Making Magic


I’ve always been fascinated by human achievement. When people push the limits of what’s possible, and onlookers are left in disbelief at what they just witnessed.

It feels like magic. A feat so impressive that it seemingly invokes the supernatural.

But it’s not magic. At least, not *that* kind of magic.

Instead, it’s the magic that each of us have inside, but few ever fully realize.

To tap into that magic – to become the best at something and push the boundaries of what’s possible – requires a tremendous level of dedication, discipline, perseverance and sacrifice that few people possess.

For me, no one exemplified this idea of “making magic” more than Michael Jordan.

Simply put, he’s the greatest among greats. And his ascension was not an accident. He personifies these attributes and so much more.

As a kid, I’d watch MJ torch his competition on the court, and then I’d spend countless hours trying to mimic his moves on the hoop that was nailed to the side of my family’s mobile home.

Driving to the hoop with my tongue out… practicing his fadeaway jumper… or hitting the game-winning shot as I counted down in my head… 3…2…1… Swish.

Like so many kids, I wanted to “be like Mike.”

I got a pair of Jordan shoes for Christmas one year. Later, a jersey of MJ. I was on my way!

But I didn’t realize until much later in life that “being like Mike” is actually a mindset that can be applied to anything that you want to become the best at.

It’s training your mind to do what’s necessary – dedication, discipline, perseverance and sacrifice – to become the best.

That mindset is *the* magic.

I never thought that I was capable of making magic.

That is, until I suffered the biggest loss of my life: the unexpected passing of my mother.

Following her passing, I sat down to draw… something I hadn’t done in nearly 10 years.

The subject of that very first drawing: Michael Jordan.

You see, MJ’s ability to make magic has always been an inspiration to me.

Artistically, I push myself every day with one goal: to be better than the previous day. And over weeks, months, and years… I steadily improved.

With each drawing, I challenged myself in new ways until one day I decide to take on a drawing that I thought was far beyond my skill level: MJ’s free throw line dunk.

I worked on the drawing all day, every day for many months as I tried to capture every single detail. I’d draw for several hours and only make an inch of progress on the paper. Many times, I wanted to quit.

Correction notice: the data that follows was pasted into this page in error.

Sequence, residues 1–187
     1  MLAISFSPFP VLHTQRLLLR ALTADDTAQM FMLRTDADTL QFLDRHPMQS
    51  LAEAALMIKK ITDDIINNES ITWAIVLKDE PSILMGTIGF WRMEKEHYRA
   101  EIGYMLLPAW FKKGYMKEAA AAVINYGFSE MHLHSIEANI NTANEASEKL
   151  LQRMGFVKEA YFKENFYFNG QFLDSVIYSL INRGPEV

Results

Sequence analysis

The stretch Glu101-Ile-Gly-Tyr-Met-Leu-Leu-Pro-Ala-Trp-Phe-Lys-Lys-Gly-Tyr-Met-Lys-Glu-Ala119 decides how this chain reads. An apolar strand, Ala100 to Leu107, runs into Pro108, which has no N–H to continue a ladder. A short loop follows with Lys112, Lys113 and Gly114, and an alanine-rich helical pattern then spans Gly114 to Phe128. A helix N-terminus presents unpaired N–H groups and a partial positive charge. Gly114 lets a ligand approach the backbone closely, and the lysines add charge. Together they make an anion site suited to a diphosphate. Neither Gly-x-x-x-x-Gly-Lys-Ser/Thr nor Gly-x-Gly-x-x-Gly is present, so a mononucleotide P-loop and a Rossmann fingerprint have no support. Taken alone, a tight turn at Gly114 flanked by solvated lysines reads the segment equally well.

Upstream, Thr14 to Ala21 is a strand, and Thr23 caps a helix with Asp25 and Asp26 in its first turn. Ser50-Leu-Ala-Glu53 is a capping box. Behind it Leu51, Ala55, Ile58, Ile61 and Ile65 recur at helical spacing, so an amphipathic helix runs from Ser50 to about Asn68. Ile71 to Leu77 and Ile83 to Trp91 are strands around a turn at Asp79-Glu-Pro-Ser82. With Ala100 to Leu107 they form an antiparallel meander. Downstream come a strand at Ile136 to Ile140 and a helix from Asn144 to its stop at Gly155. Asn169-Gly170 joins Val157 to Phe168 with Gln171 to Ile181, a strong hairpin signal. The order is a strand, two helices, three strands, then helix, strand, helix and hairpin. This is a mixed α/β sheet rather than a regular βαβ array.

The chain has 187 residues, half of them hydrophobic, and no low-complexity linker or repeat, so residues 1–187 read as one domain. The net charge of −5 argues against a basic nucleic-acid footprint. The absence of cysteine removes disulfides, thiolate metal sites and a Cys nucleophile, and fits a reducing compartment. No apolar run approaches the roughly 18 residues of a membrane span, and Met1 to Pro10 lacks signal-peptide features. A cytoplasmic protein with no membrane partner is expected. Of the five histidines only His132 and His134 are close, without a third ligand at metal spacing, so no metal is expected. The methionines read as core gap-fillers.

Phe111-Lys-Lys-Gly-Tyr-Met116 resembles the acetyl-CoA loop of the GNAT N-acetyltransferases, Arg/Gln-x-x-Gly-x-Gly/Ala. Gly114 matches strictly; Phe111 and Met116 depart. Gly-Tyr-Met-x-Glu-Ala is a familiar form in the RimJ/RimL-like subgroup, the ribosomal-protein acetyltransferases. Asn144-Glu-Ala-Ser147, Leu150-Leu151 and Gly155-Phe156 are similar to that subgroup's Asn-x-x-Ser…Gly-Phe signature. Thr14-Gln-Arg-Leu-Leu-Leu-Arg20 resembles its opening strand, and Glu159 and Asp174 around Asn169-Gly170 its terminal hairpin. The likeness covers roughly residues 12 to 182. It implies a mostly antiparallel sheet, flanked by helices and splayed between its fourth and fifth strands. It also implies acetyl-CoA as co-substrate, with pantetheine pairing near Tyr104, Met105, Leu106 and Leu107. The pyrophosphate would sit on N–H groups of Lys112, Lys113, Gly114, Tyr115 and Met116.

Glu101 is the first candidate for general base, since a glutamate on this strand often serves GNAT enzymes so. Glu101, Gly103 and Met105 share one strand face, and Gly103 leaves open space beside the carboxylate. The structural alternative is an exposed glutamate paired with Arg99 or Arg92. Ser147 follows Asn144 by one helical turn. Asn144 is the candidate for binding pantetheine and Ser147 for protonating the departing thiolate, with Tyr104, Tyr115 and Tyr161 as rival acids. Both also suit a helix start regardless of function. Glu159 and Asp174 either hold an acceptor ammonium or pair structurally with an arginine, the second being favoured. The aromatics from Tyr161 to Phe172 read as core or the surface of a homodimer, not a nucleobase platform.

But I pushed forward.

This drawing challenged me in so many ways, and forced me to reassess all of my self-imposed limits around dedication, discipline, perseverance and sacrifice. If I wanted to pull this off, I’d have to reach a new level to discover what I’m capable of creating.

This was when I truly learned what it takes to be great and, if I ever wanted to become one of the “greats” then this is the mindset I’d need.

There’s no shortcut to success, and there’s no easy path to greatness.

When I finally finished the drawing of MJ, I was so excited to share it!

But I had no idea of the massive impact that drawing would actually have.



The drawing was shared across social media all over the world, and became one of Reddit’s “most upvoted” posts in the website’s history. It led to articles in national publications and interviews with television networks. And it created so many new opportunities for me.

I was shocked and thrilled. But nothing compared to the phone call I got next…

Michael Jordan learned about the drawing… and wants me to create an original drawing for him.

Oh, and he wants me to personally deliver the drawing to him.


I left the call speechless.

As I sat back in disbelief, I couldn’t help but think about my mom, and how far I’ve come. From a kid living in a trailer park practicing MJ’s jump shot to… well… this. It’s unbelievable, and I wish so much that she was here to see this. I quickly felt a flood of emotions and tears started flowing.

After completing the artwork, MJ flew me, my wife and daughter to his golf course in Florida.

I presented the artwork to MJ, and he gazed at it with a big smile on his face as he took in every detail of the drawing.

Finally, he spoke… needless to say, receiving praise from MJ was surreal. And spending time with MJ was unforgettable. I’m so grateful for his support.

But more than anything, I’m grateful at the lessons that I learned from MJ, and what it truly takes to be “great” at something.

Now, when I see my “MJ dunk” drawing shared online, and read the many comments from people that cannot believe it’s a pencil drawing or “how is that possible?”… I cannot help but smile and think…

It’s magic.


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